Immigrants from North America and France will be the largest group of immigrants to Israel this year. The slowly rising immigration from North America and France is important news for Israel and Zionism. Immigration from North America is especially important. North America has the largest remaining Jewish community in the Diaspora. France too has a large Jewish community. The challenge is to make Israel into the kind of society that will attract and hold immigrants from the most affluent societies in the world, who choose to live here. Most of whom will expect a comparable quality of life, and who, with the best of intentions and ideological motivation, will probably not chose to live in this country for long if we cannot provide reasonable security and a standard of living comparable to Western Europe and the United States.
An estimated 24,000 people are expected to make aliya, the Hebrew word for immigrating to Israel, this year, its highest figure since 2003 and up from 22,657 in 2005, the Jewish Agency said.
"This is actually proof that people realize that the center of Jewish life is in Israel," agency chairman Zeev Bielski told Reuters. "To be part of the creation of the Jewish state is something you can do only by living in Israel."
Nearly 250 North Americans landed in Israel on Thursday on the first of seven planeloads that will bring an expected 3,400 new immigrants from the United States and Canada, the most since 1983 and well above last year's 2,987.
Immigration from France is also expected to reach 3,500 people in 2006, the highest level since 1971, the agency said.
Immigration earlier in the decade had dropped sharply from about 70,000 per year in the 1990s, mostly from former Soviet states, due to Palestinian-Israeli violence. It posted its first yearly gain in 2005 since 1999.
"You are showing Israel's enemies ... no one will stop Jews from calling Israel their home," Tony Gelbart, a co-founder of the Nefesh B'Nefesh private immigration agency, told the immigrants at Ben Gurion International Airport.
President Moshe Katsav said rising immigration was a signal to Israel's Arab neighbors that making peace was a far better option than trying to destroy Israel.
Among those who immigrated to Israel on Thursday was Ben Kurtzer, brother of former U.S. Ambassador to Israel, Dan Kurtzer, with his wife and five children from Dallas.
"Whenever we came to Israel in the past, we always felt that this is home and that we were temporarily living in the United States," said Kurtzer.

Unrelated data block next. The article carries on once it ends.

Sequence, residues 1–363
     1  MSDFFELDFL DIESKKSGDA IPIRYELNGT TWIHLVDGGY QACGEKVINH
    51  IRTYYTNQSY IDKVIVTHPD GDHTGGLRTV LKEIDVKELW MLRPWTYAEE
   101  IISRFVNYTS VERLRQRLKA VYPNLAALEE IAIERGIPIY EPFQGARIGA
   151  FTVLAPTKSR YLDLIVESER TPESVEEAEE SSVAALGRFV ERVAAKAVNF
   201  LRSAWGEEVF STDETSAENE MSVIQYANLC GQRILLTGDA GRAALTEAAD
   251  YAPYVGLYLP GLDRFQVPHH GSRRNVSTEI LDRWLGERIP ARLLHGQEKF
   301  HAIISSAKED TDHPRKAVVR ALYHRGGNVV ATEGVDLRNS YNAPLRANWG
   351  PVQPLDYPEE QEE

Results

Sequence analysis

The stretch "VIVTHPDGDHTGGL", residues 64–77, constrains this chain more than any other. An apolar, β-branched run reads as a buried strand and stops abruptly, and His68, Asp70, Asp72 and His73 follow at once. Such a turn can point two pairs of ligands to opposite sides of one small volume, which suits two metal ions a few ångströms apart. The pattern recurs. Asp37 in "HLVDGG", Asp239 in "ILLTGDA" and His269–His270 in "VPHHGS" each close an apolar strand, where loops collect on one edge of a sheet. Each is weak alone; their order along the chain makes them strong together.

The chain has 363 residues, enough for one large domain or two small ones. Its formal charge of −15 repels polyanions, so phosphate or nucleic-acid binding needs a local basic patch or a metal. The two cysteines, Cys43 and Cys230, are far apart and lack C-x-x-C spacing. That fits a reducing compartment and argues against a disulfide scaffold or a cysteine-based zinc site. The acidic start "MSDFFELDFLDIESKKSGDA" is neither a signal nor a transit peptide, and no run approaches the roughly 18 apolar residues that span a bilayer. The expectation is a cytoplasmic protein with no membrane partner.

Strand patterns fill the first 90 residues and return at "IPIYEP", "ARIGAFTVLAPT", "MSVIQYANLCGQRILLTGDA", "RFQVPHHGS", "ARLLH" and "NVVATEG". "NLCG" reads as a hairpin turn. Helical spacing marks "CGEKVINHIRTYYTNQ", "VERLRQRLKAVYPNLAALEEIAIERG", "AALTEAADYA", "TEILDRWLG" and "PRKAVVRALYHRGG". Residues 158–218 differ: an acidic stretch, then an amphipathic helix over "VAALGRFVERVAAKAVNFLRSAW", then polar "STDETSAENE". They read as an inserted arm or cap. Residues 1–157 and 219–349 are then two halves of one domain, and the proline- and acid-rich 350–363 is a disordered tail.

Judy Balint wrote:
The 16th chartered aliya flight that arrived today was sponsored by Nefesh B'Nefesh and the Jewish Agency. It's the first of six flights that will arrive from North America this summer bringing some 3500 new immigrants to Israel.
Despite the gloomy front page news about Israeli troops re-entering Gaza to stop the barrage of Kassam rockets raining down on southern Israeli towns, the new immigrants stepping off the plane are optimistic and passionate about their new home. Marti Leebhoff from California is anxious to get to the new home in Mitzpe Netufa near Tiberias that she'll share with her husband, four kids and mother-in-law. "We know it will be a better place to raise our kids," she says firmly.
Some new immigrants, like the Kuras' are reuniting with family (a daughter, son and many grandchildren). Others left close family behind.
Several of those arriving make the traditional gesture of kissing the ground in an emotional homecoming.
All the olim are welcomed by a crowd of several hundred flag-waving, cheering family and friends--most of whom are recent immigrants themselves.
For many, it was a chance to relive their own aliya experience. "We didn't get this kind of hoopla when we arrived," says Shalom Abramowitz who arrived in 1994, "but it's just great to see people coming in greater numbers today," he adds, as his eyes scan the disembarking passengers for his cousin from Long Island.
The plane pulls up directly to the hangar with the normally tedious passport control and other immigration processing having taken place with Interior Ministry officials during the flight.
As the new olim take their seats in the hangar, they're almost indistinguishable from the hundreds of more veteran immigrants who have come to greet them. Slightly younger, perhaps, but the same kind of people.
Around half of the olim are children, small children. There are few families with teenage kids in the group--a testament to the notoriously difficult absorption of teenagers into Israeli high school society.
On hand to greet the new olim are President Moshe Katzav and his wife and Absorption Minister Zev Boim. "Look at me, I was a new immigrant not so long ago, and now I'm President of the State of Israel," quips Mr. Katzav.
President Katzav gives a warm personal welcome to new olim, Ben and Melissa Kurtzer and their five children who will be moving to Maale Adumim, just east of Jerusalem. Kurtzer is the brother of former US Ambassador to Israel, Dan Kurtzer.
The singing of Hatikva closes the ceremony. Flags wave and tears flow, cameras roll and the olim take a deep breath before dispersing to their new homes to start new lives as Israeli citizens.
You can see a video of the new immigrants at http://flickr.com/photos/jerusalemdiaries/
Something to cheer about despite the bad news and tension around Gaza.
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